Letter of credit: banking mechanism that allows importers to offer secure terms to exporters. (See Documentary credits).


Marking: letters, numbers and other symbols placed on cargo to enable it to be identified more easily.

Marine insurance: warehouse-to-warehouse insurance that covers exporters transporting goods overseas for losses they can’t legally recover from the carrier. Despite its name, it covers all transport modes. (See also Credit-risk insurance).

Movement certificate: required where goods are being exported from the EU to a country covered by EU trade agreements. These certificates ensure preferential rates of duty on an exporter’s goods.

MTS (Multilateral Trading System): the processes through which large numbers of countries agree to trade with each other. The World Trade Organization is part of this system.


Open account: a trade arrangement under which goods are shipped by an exporter without guarantee of payment. This is similar to offering credit to a UK customer, with the exporter bearing all the risks of offering credit. Open account payment should only be used if you have an established relationship with the buyer and is typically for exports within the EU.

Open General Import License (OGIL): available from the Department of Trade and Industry, this allows the import of most goods from outside the EU without licensing formalities. But some goods require a special license and are listed in a schedule to OGIL.

Open insurance policy: marine insurance policy that applies to all shipments made by an exporter over a period of time rather than a single shipment. (See Marine insurance).


Payment in advance: an exporter may be able to negotiate these terms for all or part of its shipment. The exporter bears no risks or financing costs. Payment or part-payment in advance is typically used for low-value sales to individuals or new customers.

Pre-shipment inspection (PSI): a few countries require goods and documents to be examined before export by an independent agency. In some countries it’s optional but can be requested by the customer. Usually, countries where PSI applies have appointed one dedicated agency to perform the pre-shipment inspection. Normally, your freight forwarder or customer will be able to advise on the necessary arrangements.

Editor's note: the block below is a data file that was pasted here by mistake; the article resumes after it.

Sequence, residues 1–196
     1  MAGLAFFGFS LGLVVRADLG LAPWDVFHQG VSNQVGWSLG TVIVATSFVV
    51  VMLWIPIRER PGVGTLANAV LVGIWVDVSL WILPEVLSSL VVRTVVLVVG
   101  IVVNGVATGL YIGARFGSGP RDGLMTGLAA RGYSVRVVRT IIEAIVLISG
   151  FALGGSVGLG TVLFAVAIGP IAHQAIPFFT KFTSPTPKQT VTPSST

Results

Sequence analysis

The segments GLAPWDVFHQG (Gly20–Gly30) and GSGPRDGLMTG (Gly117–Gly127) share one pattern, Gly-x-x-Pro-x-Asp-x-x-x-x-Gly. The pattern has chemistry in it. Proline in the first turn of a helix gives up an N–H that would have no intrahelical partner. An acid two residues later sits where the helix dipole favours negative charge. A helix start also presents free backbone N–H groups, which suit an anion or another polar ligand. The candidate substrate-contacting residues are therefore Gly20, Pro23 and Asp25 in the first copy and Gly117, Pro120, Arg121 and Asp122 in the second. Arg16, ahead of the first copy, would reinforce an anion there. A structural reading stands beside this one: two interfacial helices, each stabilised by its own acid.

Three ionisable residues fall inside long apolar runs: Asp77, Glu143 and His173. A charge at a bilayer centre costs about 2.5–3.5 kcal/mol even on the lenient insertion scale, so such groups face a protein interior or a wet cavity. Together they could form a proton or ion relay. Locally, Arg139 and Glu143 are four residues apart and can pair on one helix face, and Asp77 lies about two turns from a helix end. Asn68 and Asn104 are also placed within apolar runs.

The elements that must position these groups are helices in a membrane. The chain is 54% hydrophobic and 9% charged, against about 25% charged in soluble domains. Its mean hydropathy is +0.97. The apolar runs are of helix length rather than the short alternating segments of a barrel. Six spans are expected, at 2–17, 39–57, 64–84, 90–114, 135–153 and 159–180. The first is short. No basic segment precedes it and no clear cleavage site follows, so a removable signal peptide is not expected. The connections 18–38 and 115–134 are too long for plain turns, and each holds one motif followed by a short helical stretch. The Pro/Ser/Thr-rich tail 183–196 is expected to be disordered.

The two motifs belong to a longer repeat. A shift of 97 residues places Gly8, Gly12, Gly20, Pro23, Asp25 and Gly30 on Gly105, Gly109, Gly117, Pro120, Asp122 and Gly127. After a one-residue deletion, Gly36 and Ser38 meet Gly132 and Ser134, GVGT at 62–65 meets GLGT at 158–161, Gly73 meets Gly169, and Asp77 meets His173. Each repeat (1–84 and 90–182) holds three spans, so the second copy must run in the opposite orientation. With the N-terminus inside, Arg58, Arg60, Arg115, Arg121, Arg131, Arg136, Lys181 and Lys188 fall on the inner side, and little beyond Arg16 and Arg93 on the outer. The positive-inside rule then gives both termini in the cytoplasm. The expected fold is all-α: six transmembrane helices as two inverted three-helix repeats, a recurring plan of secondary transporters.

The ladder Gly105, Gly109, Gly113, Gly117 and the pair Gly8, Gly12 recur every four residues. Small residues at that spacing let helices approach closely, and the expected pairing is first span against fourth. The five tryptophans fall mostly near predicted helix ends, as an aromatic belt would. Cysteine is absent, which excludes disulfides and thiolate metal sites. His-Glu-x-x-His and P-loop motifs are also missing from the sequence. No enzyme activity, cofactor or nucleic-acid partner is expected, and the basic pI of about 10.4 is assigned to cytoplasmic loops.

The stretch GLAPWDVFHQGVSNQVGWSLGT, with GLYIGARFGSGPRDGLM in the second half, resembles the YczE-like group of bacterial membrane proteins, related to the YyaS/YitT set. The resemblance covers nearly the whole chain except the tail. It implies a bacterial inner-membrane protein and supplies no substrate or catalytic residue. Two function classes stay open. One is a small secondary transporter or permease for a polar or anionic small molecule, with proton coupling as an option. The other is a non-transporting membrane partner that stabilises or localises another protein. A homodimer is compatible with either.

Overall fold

Pro forma invoice: invoice provided by an exporter to an import customer before shipping. Typically used when the importer has to organize foreign exchange or get an import license.


Quota: quantity of a particular type of goods that a country allows to be imported before levying duty or restrictions.

Quotation: offer to sell goods at a stated price and under specified conditions.


Reduced rates of duty: some goods can be imported into the UK at a nil or reduced rate of customs duty because they originated in a preference country or are from a non-EU country and qualify for a temporary suspension of customs duty. You can get more information on which countries get preference and temporary suspension of customs duty on the Customs and Excise website. (See also Tariff quotas).

Re-exports: goods temporarily imported into a country and then exported again. Because they are only imported temporarily, the importer or agent is usually permitted to reclaim some or all of the import duty and VAT paid on the goods. Usually the importer must comply with special customs control procedures, such as specific warehousing regulations. (See also Inward processing relief).


Single Administrative Document (SAD): also known as the C88, this document must be completed for all exports, imports and goods crossing the EU. See the Customs and Excise website for more information.

SITPRO (formerly The Simpler Trade Procedures Board): public body which aims to help businesses trade more effectively across national borders and cut the red tape associated with international trade. See the SITPRO website for more information.

Standard industrial classification (SIC): standard numerical code used by the UK Government to classify products and services.

Standard international trade classification (SITC): standard numerical code system developed by the United Nations to classify commodities used in international trade.

Standard shipping note: document completed by the exporter which tells destination ports and container depots how the goods should be handled. A dangerous goods note must also be sent with hazardous goods.


Tariff: customs duties on imports of goods. They give price advantages or parity to similar locally produced goods and raise revenues for the government that levies them.

Tariff quotas: European Union (EU) system to allow the importation of limited amounts of certain goods (sometimes from specified countries) at a rate of duty lower than would otherwise apply.

Terms of delivery: cover the division of responsibility for the costs of an export or import sale and for the risk of loss or damage in transit.

TIR: transports internationaux routiers. International system that allows goods to be packed in a container under customs inspection at point of origin. The container can then pass across all national frontiers without being opened by customs officers.


VAT: value added tax – in general terms VAT is payable on all imports at the same rate that would apply to the product or service if supplied in the UK. Many exports are zero-rated for VAT. There are complex rules surrounding VAT on imports and exports, and businesses should seek advice from the Customs and Excise website


World Trade Organization (WTO): intergovernmental organization set up in 1995 to negotiate and administer trade agreements, handle trade disputes and monitor national trade policies.